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Monday, November 29, 2004
By Steven L. Taylor

Via Reuters: Ukraine President Bows to Pressure, Backs New Vote

“If we really want to preserve peace and consensus and build this just democratic society, of which we speak so much but have failed to carry out in a legal way, let us have new elections,” Kuchma said in a statement.

Kuchma signaled a shift in his position away from backing his ally, Prime Minister Viktor Yanukovich, as the official winner of the Nov. 21 poll, as the Supreme Court sat to try to resolve the election stalemate.

His comments marked a concession to liberal presidential challenger Viktor Yushchenko whom he has attacked for bringing tens of thousands of supporters out on to the streets with his charges that he was cheated out of the election by mass fraud.

Kuchma said he himself would not run in any new poll. By referring to a new poll, it suggested that Kuchma wanted a completely fresh set of elections and not simply another run-off between Yanukovich and Yushchenko.

Yushchenko says he wants a repeat only of the second round run-off, which Yanukovich officially won.

That might be a good compromise: a whole new vote rather than just a new second round.

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By Steven L. Taylor

Via the AP: Court Declines to Hear Gay Marriage Case

The Supreme Court on Monday sidestepped a dispute over gay marriages, rejecting a challenge to the nation’s only law sanctioning such unions.

Justices had been asked by conservative groups to overturn the year-old decision by the Massachusetts Supreme Court legalizing gay marriage. They declined, without comment.

Not surprising. While there are clearly federal implications for what Massachusetts has done, I am not sure what the federal constitutional question would be in this specific case.

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By Steven L. Taylor

Edwards to End Term With Farewell Tour.

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By Steven L. Taylor

‘Ringback’ Tones May Be Next Big Thing.

OTOH, it is kinda cool (not that I’d pay for it).

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By Steven L. Taylor

Bush Names Kellogg CEO as Commerce Secretary

President Bush on Monday chose Carlos Gutierrez, a native of Cuba and now the chief executive officer of Kellogg Co., to be secretary of Commerce.

If confirmed by the Senate, Gutierrez would succeed Commerce Secretary Donald Evans, a Texas confidant of Bush’s, who announced his resignation shortly after the Nov. 2 election. The president announced the choice of Gutierrez, 51, at the White House, calling him “a visionary executive” and “one of America’s most respected business leaders.”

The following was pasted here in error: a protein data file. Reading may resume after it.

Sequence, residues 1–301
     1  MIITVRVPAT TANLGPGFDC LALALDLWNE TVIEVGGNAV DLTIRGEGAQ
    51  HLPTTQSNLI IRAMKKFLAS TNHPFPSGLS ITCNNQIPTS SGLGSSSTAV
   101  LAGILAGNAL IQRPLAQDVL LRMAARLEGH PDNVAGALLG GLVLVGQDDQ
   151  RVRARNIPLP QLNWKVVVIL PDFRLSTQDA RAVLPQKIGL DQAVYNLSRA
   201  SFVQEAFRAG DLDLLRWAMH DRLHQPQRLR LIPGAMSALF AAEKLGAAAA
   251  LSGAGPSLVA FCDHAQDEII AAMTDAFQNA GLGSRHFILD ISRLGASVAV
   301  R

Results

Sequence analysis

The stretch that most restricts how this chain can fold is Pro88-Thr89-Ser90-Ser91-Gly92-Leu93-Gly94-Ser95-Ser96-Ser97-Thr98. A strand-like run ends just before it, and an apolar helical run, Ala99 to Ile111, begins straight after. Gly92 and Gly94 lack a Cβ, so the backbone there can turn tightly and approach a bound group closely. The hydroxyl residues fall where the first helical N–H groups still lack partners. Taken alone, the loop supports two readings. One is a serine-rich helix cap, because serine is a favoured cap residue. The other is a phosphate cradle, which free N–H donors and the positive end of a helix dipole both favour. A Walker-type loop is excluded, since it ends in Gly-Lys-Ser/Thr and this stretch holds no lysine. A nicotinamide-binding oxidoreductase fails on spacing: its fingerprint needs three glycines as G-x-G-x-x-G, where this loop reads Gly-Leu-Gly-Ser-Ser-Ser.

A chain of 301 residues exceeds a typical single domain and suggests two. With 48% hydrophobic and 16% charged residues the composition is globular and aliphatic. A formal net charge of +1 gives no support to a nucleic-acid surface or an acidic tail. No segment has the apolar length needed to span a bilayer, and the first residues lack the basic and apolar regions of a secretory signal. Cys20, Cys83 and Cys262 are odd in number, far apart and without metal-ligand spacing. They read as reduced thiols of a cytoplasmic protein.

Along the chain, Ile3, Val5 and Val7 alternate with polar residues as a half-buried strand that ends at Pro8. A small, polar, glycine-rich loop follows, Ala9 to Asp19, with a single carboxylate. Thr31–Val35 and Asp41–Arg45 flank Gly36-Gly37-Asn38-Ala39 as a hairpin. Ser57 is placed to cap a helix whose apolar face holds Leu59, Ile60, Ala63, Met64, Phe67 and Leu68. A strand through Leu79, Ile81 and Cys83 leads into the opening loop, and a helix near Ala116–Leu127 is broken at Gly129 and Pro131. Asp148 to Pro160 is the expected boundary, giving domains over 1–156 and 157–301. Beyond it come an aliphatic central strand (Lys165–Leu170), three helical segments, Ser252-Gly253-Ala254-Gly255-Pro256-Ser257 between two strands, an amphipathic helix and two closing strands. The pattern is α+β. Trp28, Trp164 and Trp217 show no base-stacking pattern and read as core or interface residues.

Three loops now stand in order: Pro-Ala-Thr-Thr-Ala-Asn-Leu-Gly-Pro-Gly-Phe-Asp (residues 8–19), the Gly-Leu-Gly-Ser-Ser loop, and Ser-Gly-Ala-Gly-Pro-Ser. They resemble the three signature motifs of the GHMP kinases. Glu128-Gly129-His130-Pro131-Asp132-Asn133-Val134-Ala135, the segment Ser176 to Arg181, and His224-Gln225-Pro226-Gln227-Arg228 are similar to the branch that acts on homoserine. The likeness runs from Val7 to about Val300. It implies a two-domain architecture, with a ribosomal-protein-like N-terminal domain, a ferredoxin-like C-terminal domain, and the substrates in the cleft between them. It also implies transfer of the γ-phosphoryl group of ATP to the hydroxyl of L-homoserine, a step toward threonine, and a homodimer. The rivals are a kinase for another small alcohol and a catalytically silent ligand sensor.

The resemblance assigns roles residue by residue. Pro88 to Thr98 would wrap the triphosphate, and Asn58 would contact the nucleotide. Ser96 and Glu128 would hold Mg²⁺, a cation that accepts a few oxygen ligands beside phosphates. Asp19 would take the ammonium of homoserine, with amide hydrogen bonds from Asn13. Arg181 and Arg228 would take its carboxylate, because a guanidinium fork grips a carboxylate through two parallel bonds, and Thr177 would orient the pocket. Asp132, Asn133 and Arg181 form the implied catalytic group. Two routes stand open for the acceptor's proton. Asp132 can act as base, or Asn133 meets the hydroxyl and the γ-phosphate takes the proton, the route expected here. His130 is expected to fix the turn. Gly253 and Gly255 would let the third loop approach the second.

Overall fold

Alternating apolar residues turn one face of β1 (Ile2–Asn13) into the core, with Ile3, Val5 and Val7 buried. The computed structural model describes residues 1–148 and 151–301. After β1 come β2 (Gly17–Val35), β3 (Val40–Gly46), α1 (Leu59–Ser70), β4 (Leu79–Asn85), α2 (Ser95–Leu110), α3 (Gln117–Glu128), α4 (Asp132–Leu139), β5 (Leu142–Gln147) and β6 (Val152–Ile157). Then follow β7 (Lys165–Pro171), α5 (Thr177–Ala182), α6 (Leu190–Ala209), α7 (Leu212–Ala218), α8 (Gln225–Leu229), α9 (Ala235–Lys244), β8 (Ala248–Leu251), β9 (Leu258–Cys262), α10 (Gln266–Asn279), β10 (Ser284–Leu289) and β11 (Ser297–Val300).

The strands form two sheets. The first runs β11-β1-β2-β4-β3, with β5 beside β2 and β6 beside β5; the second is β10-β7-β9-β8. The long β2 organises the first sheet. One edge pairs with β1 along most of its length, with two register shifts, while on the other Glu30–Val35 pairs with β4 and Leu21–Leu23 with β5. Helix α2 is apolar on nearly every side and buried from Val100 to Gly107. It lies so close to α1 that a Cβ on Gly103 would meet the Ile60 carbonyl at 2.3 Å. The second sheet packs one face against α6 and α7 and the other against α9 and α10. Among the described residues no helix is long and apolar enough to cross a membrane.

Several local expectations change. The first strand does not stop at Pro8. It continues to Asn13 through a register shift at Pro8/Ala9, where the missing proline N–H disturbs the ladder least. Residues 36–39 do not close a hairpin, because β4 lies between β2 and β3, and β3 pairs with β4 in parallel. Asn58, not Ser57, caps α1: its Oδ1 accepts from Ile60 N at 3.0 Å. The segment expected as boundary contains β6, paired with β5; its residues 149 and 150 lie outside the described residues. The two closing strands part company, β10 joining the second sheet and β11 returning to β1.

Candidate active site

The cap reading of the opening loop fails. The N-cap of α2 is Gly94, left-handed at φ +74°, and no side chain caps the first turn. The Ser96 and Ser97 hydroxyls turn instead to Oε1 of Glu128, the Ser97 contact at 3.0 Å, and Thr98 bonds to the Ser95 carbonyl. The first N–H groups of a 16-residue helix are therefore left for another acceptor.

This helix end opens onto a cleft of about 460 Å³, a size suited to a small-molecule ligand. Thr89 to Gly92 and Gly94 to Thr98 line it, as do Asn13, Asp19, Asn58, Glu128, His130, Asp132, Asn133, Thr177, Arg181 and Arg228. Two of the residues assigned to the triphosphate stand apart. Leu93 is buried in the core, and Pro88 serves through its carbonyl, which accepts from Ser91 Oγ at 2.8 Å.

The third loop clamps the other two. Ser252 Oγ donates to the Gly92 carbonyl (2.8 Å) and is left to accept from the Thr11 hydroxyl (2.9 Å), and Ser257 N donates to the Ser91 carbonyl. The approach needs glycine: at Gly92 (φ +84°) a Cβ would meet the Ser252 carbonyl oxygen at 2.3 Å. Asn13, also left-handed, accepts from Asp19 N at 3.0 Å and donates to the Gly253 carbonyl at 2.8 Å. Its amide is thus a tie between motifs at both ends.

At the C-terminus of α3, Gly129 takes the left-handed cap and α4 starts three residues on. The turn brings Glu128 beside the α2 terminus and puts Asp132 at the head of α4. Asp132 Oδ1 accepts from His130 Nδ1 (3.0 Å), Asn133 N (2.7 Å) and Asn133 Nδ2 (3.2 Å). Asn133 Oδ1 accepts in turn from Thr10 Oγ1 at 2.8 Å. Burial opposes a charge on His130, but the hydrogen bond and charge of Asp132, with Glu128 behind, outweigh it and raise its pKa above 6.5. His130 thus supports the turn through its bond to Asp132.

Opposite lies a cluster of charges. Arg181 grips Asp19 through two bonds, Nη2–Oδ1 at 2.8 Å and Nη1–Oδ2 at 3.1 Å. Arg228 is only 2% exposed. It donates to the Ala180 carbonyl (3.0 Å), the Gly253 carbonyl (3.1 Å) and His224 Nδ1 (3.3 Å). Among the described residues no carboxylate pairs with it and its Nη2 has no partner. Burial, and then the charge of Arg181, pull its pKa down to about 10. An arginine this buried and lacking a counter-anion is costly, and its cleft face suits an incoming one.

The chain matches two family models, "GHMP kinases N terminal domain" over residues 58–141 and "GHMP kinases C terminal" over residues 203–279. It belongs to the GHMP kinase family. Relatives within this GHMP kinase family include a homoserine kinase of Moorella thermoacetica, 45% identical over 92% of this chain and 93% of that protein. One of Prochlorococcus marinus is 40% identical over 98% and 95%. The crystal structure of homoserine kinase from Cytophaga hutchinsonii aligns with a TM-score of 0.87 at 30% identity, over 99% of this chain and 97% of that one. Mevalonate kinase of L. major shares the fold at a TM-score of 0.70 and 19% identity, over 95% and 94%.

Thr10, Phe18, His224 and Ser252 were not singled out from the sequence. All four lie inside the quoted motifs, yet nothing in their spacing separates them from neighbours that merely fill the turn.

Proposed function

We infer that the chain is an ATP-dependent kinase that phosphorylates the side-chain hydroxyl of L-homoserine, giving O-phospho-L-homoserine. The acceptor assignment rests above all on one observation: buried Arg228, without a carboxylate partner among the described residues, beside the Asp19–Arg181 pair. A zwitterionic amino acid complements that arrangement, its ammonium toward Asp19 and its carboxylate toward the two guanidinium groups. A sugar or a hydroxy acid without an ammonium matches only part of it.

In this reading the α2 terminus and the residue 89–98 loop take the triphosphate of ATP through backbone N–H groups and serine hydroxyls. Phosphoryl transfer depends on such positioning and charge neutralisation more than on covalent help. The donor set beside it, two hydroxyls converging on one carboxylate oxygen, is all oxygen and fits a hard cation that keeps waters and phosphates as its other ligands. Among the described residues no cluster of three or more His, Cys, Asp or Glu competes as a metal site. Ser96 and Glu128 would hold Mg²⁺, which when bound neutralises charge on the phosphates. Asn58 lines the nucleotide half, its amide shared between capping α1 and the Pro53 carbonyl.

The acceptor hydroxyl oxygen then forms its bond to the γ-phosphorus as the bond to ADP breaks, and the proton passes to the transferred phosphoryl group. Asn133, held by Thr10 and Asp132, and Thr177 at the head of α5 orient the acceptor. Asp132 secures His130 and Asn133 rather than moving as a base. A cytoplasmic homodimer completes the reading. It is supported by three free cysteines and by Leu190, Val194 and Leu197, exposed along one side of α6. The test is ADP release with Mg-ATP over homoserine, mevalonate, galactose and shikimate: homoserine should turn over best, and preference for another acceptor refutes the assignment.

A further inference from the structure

Gutierrez, whose family fled Cuba in 1960 when he was 6, joined Kellogg in 1975. Known for having a strong work ethic and a seemingly endless stream of ideas, he worked all over the world for the company before being promoted to president and chief operating officer in June 1998.

At some point those who criticize such GOP appointments as nothing more than symbolic are going to have to admit that Republicans aren’t racists. I have not yet looked to confirm the following, but I am certain that Bush has had the most diverse cabinet, both gender-wise and racially, of all time.

I also think that the high percentage of hispanics in his administration is a direct result of his Texas roots where the integration of those of anglo and hispanic backgrounds is widespread and deep.

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By Steven L. Taylor

Via WaPo: Holiday Shoppers Off to a Fast Start

Holiday shoppers spent 10 percent more Friday than they did a year ago, according to early reports, but Wal-Mart Stores Inc. dampened hopes for a strong start to the key retail season by slashing its November sales forecast by more than half.

Consumers spent about $8 billion at the nation’s malls and stores the day after Thanksgiving, the traditional start of the holiday shopping season, compared with $7.3 billion a year ago, according to the industry research firm ShopperTrak.

Sounds pretty good to me. Indeed, the gloomy coverage all seems based solely on Wal*Mart.

The funny thing is that the last several years the record spending at discount stores like Wal*Mart have been seen as confirming weakness in the economy because it showed how people aren’t able to shop at more expensive stores.

Regardless, I am alwasy fascinated and often annoyed at the way the holiday shopping season is covered. Not only is there the ongoing attempt at reading the tea leaves but also the fact that usually the issue is one of expectations, rather than making cold, hard comparisons with year’s past.

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By Steven L. Taylor

Via Reuters: Ukraine’s PM Agrees to New Vote in Two Regions